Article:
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SVN Branching Language

From: Ramkumar Ramachandra <artagnon_at_gmail.com>
Date: Thu, 29 Mar 2012 20:09:47 +0530

Hi,

I'm reproducing an email I found interesting on the Git list [0]
especially for those invested in the git-svn effort.

[0]: http://thread.gmane.org/gmane.comp.version-control.git/192801/focus=193737

--
This is the second draft of the SVN branching language.  If you're
interested in how SVN revisions map to git commits, please read it and
let me know what you think.  You might also be interested in the
reference implementation and nascent collection of tests[1], although
these wouldn't yet withstand a thorough review.
I plan to pause language work and concentrate on SVN export for a
while now, because it will be easier to e.g. write tests once I have
some code to test.
Here's a little background for people new to the list:
I'm interested in ways to map SVN revisions to git commits, but have
found it surprisingly hard to grasp the problem.  Having trouble
grasping a problem is generally a good sign that your solution is too
small, so I split the problem in three:
1. A language to describe SVN branching and merging
2. A program to export such a file from an SVN repository
3. A program to import such a file into a git repository
This has let me concentrate on manageable parts of the problem.  For
example, Sam Vilain recently pointed out[2] so-called "piecemeal
merges" that split a merge across several revisions.  There's no way I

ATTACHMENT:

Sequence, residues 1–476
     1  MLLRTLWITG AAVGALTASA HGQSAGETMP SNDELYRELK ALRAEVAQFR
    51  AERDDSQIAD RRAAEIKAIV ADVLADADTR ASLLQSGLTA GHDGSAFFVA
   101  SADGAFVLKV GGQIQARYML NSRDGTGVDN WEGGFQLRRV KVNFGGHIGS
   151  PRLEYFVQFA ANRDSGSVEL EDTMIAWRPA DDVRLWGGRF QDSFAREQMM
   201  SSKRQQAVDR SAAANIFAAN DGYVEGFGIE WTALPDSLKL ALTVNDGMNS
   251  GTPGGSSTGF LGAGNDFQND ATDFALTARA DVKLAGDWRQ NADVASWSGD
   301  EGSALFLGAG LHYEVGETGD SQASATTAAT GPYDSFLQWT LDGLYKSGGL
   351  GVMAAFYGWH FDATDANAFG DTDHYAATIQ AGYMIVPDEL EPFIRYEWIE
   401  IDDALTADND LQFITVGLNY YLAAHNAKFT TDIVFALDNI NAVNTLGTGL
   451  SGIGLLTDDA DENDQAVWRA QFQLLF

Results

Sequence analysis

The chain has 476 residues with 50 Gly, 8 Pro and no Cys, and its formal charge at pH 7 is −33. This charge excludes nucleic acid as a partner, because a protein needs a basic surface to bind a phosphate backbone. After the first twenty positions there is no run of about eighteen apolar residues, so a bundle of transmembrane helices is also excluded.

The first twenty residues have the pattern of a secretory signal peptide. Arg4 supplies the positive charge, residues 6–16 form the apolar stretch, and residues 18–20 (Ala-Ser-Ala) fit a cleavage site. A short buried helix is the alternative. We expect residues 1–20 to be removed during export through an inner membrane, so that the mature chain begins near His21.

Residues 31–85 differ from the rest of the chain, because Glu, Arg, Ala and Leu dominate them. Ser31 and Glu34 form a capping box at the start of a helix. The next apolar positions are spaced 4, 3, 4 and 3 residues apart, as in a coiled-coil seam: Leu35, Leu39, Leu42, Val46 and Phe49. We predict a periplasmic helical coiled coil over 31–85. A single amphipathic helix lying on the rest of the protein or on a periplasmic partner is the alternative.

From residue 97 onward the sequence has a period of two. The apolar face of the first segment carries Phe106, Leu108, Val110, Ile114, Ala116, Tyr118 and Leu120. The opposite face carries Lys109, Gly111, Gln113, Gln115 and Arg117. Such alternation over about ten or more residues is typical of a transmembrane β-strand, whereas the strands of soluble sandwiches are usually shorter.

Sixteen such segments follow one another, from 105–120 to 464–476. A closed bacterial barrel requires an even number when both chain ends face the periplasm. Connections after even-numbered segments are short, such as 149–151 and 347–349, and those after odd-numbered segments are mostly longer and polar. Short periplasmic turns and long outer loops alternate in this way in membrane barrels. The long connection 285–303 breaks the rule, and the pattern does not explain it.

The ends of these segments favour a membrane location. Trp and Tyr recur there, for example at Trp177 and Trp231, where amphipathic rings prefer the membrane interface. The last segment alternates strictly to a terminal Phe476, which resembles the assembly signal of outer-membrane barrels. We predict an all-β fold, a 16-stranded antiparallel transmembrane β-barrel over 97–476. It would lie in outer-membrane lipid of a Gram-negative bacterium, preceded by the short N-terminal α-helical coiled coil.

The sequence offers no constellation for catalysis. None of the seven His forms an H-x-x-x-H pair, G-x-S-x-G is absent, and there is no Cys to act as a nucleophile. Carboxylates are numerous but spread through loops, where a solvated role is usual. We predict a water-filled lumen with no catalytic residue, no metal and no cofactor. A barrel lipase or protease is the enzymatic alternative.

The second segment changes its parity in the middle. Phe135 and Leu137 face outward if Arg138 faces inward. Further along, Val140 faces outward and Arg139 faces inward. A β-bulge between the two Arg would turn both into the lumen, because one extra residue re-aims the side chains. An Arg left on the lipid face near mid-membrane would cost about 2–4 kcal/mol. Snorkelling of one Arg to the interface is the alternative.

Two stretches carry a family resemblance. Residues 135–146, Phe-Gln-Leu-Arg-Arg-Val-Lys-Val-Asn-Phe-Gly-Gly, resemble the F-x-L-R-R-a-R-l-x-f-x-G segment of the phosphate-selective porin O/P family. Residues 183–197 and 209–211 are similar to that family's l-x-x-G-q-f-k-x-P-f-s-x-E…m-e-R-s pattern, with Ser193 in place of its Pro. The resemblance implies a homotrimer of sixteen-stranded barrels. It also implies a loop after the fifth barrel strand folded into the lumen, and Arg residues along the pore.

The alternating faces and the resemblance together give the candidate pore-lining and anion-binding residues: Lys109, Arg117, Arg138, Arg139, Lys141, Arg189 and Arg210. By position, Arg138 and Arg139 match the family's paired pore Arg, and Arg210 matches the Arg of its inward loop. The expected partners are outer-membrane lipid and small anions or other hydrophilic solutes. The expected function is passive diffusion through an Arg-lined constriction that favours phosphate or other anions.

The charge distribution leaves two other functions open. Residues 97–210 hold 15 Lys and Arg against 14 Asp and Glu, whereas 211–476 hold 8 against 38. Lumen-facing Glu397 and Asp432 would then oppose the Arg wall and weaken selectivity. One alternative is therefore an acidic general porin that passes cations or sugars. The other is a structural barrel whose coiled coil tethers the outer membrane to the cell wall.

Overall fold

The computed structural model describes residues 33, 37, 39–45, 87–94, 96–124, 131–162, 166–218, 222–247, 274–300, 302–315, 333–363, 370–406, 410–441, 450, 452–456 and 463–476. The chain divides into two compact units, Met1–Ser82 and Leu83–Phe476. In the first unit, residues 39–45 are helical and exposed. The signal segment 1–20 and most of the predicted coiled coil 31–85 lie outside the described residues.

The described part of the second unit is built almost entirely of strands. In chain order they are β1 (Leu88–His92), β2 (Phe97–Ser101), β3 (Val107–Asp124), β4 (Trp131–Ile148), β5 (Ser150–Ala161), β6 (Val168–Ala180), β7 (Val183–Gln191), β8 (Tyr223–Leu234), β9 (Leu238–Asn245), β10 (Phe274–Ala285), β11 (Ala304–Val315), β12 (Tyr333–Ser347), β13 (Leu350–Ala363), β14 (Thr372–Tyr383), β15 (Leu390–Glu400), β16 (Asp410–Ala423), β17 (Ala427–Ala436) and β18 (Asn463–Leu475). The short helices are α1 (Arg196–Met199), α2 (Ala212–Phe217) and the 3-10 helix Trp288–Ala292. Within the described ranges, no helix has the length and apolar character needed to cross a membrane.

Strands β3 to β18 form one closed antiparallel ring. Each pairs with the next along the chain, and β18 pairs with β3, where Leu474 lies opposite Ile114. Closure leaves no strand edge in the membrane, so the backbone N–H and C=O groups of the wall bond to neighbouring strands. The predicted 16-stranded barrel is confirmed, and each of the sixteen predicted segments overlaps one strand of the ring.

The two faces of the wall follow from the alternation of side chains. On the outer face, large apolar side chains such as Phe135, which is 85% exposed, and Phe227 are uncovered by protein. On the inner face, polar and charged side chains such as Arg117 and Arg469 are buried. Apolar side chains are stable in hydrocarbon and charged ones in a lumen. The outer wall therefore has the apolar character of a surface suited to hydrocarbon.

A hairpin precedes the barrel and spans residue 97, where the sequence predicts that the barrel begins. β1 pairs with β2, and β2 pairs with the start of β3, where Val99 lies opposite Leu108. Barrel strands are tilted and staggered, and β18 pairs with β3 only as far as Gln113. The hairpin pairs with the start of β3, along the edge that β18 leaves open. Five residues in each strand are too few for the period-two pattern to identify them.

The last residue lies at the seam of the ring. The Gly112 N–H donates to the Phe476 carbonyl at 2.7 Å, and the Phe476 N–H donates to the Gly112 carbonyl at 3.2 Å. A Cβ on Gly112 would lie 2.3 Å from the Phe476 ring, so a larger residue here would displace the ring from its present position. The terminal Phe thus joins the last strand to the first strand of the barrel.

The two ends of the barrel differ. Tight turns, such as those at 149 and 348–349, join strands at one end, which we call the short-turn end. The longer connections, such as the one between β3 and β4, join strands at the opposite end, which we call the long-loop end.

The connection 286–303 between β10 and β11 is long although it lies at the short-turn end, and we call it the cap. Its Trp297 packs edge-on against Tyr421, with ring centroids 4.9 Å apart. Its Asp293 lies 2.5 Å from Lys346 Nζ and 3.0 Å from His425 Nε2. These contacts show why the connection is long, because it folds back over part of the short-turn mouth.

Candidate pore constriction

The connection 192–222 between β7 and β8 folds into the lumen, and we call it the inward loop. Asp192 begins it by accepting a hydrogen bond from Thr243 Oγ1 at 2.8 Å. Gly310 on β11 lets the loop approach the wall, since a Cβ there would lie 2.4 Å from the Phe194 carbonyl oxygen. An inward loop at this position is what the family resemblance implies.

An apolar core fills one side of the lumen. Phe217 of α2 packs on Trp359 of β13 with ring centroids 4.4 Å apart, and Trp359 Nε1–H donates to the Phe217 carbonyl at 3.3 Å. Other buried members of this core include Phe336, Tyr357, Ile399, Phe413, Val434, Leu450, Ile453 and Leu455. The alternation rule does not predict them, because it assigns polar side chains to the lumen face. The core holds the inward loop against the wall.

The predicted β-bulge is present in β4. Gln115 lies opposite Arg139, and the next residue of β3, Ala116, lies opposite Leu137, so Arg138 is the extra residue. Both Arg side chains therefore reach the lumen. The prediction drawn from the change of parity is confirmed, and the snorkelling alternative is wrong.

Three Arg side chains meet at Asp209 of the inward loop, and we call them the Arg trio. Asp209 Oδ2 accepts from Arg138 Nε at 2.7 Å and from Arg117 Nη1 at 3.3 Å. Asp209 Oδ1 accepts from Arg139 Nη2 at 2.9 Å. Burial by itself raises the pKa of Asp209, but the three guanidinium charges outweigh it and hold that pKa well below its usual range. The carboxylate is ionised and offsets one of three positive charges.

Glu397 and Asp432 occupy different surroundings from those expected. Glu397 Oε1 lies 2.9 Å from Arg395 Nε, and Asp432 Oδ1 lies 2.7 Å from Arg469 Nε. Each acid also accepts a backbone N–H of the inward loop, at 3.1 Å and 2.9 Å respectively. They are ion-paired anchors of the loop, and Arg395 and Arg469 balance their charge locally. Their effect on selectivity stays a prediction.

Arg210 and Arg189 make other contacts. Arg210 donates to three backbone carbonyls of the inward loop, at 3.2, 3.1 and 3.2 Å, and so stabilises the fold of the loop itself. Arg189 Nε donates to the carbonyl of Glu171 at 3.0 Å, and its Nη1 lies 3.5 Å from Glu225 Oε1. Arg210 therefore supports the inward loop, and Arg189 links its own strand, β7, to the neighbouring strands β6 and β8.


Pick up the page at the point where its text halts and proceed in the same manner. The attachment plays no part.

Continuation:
could have figured out a plan to solve that in one go, but between us
we were able to find a representation and a way of importing it into
git.  I still don't know how to detect and export it from Subversion,
but I can worry about that another day.
This is the second draft I've brought to the git mailing list for
discussion.  The list has a long and proud tradition of including
patches in e-mails so people can review code from their e-mail client,
but in this case the patch would be so large that it's better simply
to include the new text.  I've deliberately left the reference
implementation and tests out of this e-mail because they're not ready
for review.
	- Andrew
[1] https://github.com/andrew-sayers/SVN-Branching-Language
[2] http://article.gmane.org/gmane.comp.version-control.git/192418
SVN Branching Language v0.1
===========================
Andrew Sayers <andrew-sbl <at> pileofstuff.org>
This file specifies a simple language for describing how SVN revisions
relate to branches.  The goals of this language are to be a
communication protocol for programs operating on SVN history and to
provide a lingua franca for developers discussing unusual SVN use
cases.
Overview
--------
The SVN Branching Language (``SBL'') is a line-based UTF-8 format,
where each line specifies one action in the SVN history.  An SBL file
contains two sections: the first is the ``header'' section that
provides information about the file as a whole, the second is the
``body'' section that provides information about things that happened
in specific revisions.
Any line in an SBL file that begins with a hash or semicolon
character, or that contains only whitespace (including empty lines) is
considered to be a comment, and must be ignored.  Clients should use a
leading '#' to create ordinary comments to be read by users, and a
leading ';' for commented-out actions the client wishes to suggest to